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The cycle of abuse


This concept is widely used in domestic violence programs, particularly in the United States. This is a social cycle theory developed by Lenore E. Walker to explain patterns of behavior in an abusive relationship. 1,500 women were interviewed who had been subject to domestic violence and found that there was a similar pattern of abuse.

The cycle usually goes in the following order and will repeat until the conflict is stopped, usually by the survivor entirely abandoning the relationship or some form of intervention.



The phases

Tension building

During this period, the abuser feels ignored, threatened, annoyed or wronged. The feeling lasts on average several minutes to hours, although it may last as long as several months. Stress can build from the pressures of daily life, conflict over children, marital issues, misunderstandings, illness, legal or financial problems, unemployment, or catastrophic events, like floods, rape or war.

To prevent violence, the victim may try to reduce the tension by becoming compliant and nurturing. Alternatively, the victim may provoke the abuser to get the abuse over with, prepare for the violence or lessen the degree of injury. However, the abuser is never justified in engaging in violent or abusive behavior.

Acute violence

During this stage the abuser attempts to dominate their victim. Outbursts of violence and abuse occur which may include verbal abuse and psychological abuse. This may also include physical and sexual violence.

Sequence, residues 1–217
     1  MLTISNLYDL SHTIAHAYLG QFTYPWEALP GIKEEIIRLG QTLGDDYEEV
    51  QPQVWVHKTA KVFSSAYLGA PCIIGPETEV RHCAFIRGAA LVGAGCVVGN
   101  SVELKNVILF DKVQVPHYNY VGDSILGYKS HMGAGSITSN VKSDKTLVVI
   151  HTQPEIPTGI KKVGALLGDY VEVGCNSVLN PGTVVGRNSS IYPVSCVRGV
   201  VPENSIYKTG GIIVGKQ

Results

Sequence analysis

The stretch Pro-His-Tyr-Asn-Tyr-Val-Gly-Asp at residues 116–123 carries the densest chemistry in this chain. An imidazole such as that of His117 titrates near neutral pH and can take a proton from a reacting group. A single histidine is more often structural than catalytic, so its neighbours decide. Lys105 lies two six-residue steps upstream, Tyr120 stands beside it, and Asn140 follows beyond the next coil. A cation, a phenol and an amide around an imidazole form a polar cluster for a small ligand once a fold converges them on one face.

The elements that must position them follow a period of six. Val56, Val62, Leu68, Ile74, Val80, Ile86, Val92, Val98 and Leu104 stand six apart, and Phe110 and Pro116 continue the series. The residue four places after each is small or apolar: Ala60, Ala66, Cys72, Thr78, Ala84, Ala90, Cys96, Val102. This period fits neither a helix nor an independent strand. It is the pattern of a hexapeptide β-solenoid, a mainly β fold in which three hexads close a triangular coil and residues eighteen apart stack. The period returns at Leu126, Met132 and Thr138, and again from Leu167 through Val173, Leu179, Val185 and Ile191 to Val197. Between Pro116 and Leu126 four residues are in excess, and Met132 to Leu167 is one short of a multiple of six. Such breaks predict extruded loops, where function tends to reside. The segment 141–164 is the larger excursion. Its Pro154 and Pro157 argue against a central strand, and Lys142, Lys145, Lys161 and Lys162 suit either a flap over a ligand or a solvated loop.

The release of energy reduces the tension, and the abuser may feel or express that the victim "had it coming" to them.

Reconciliation/ Honeymoon

In this phase, the abuser starts to feel guilt, remorse, regret and/or fear that the victim might leave them or communicate with the police. The victim feels pain, fear, humiliation, disrespect, confusion, and may mistakenly feel responsible.

The confusion makes the victim vulnerable and in most cases the abuser utilizes it. Abusers are frequently so convincing, and survivors so eager for the relationship to improve, that survivors who are often worn down and confused by longstanding abuse continue to stay in the relationship.

The abuser may try to make things right by affection, apology, or, alternatively, ignoring the incident, or give assurances that it will never happen again, or that the abuser will do their best to change. The abuser may use self-harm or threats of suicide to gain sympathy and/or prevent the survivor from leaving the relationship.

Calm

During this phase, the relationship is relatively calm and peaceful. The abuser may agree to engage in counseling, ask for forgiveness, and create a normal atmosphere.

In intimate partner relationships, the perpetrator may buy presents or the couple may engage in passionate sex. Over time, the abuser's apologies and requests for forgiveness become less sincere and are generally stated to prevent separation or intervention.

The cycle can occur hundreds of times in an abusive relationship, the total cycle taking anywhere from a few hours to a year or more to complete. However, the length of the cycle usually diminishes over time and the calm period becomes shorter. Violence becomes more intense and the cycles become frequent.

The effect of the continual cycle may include loss of love, contempt, distress, and/or physical disability. Intimate partners may separate, divorce or, at the extreme, someone may be killed.


If you are in an abusive relationship and in fear. Reach Out. Help is there and trained professionals dealing with domestic abuse and violence are available in most countries.



pc: Unsplash


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